Genetic Diagrams and Terminology

Overview of Genetic Diagrams and Terminology

  • Genetic diagrams are used to predict the outcome of a specific cross or breeding experiment. They illustrate how genes and/or alleles segregate and combine.
  • Understanding genetic terminology is essential for making sense of these diagrams.

Key Genetic Terms


  • Genes are sections of DNA located on chromosomes that control specific characteristics or functions.
  • Genes can exist in different versions called alleles.
  • Some alleles are dominant, while some are recessive in terms of their expression.


  • Alleles refer to the different forms of a specific gene. For example, for the gene controlling eye colour, different alleles could account for blue, brown, or green eyes.
  • An individual can have two of the same allele (homozygous) or two different alleles (heterozygous) for a particular gene.
  • The presence of certain alleles leads to different phenotypes and genotypes.

Phenotypes and Genotypes

  • The phenotype is the observable characteristics or traits of an individual, resulting from gene expression.
  • The genotype is the specific set of genes an organism carries.
  • While the genotype is responsible for an individual’s phenotype, environmental factors can also influence the expression of certain traits.

Dominant and Recessive Traits

  • Dominant traits are expressed when at least one dominant allele is present.
  • Recessive traits are only expressed when both alleles for the trait are recessive.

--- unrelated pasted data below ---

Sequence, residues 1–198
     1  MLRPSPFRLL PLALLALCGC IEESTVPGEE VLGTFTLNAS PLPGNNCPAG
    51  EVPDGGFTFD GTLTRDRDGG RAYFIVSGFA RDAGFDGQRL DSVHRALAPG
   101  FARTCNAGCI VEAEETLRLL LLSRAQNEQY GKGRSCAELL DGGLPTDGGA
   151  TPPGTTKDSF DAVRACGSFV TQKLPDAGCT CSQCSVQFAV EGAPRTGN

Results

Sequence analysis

Understanding and Constructing Genetic Diagrams

  • Genetic diagrams are tools used to predict the genotypes and phenotypes of offspring from a particular genetic cross.
  • These diagrams often use Punnett squares, a simple grid system that shows all possible combinations of offspring genotypes.
  • To construct a genetic diagram using a Punnett square, you first write the possible gametes for each parent along the top and side of the square. Then, you fill in the squares to show all possible gene combinations for the offspring.
  • Remember, each gamete only carries one allele for each gene because of the process called meiosis where chromosome number is halved.
  • Genetic diagrams can be used to work out probabilities of inheritance. However, keep in mind that they predict statistical probabilities, not exact outcomes.

Practical Uses of Genetic Diagrams

  • Among their uses, genetic diagrams are employed to trace and predict the inheritance of specific traits in pedigree analysis.
  • They’re also used to visualize Mendel’s laws of heredity, such as the law of segregation and the law of independent assortment.
  • In medicine, they can provide insight into potential genetic diseases an offspring may inherit.